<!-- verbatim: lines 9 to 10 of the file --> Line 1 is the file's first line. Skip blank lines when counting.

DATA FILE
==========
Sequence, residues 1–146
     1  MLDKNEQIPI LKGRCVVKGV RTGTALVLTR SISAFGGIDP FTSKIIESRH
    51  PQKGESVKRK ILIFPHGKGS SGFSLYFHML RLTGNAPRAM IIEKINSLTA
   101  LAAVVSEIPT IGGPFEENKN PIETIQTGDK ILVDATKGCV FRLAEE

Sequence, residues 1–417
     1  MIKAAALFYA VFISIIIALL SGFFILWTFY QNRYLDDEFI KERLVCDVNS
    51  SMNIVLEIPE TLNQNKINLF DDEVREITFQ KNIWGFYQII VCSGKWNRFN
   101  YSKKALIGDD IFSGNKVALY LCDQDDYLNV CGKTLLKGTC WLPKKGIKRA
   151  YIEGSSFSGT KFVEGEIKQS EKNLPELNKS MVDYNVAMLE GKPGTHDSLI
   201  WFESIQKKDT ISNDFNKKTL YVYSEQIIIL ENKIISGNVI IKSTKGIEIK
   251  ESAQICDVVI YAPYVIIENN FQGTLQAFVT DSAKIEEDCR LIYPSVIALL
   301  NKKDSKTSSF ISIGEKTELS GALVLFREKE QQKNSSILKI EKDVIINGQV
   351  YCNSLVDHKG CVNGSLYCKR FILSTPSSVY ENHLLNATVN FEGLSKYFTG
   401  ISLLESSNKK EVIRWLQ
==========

   151  YIEGSSFSGT KFVEGEIKQS EKNLPELNKS MVDYNVAMLE GKPGTHDSLI
   201  WFESIQKKDT ISNDFNKKTL YVYSEQIIIL ENKIISGNVI IKSTKGIEIK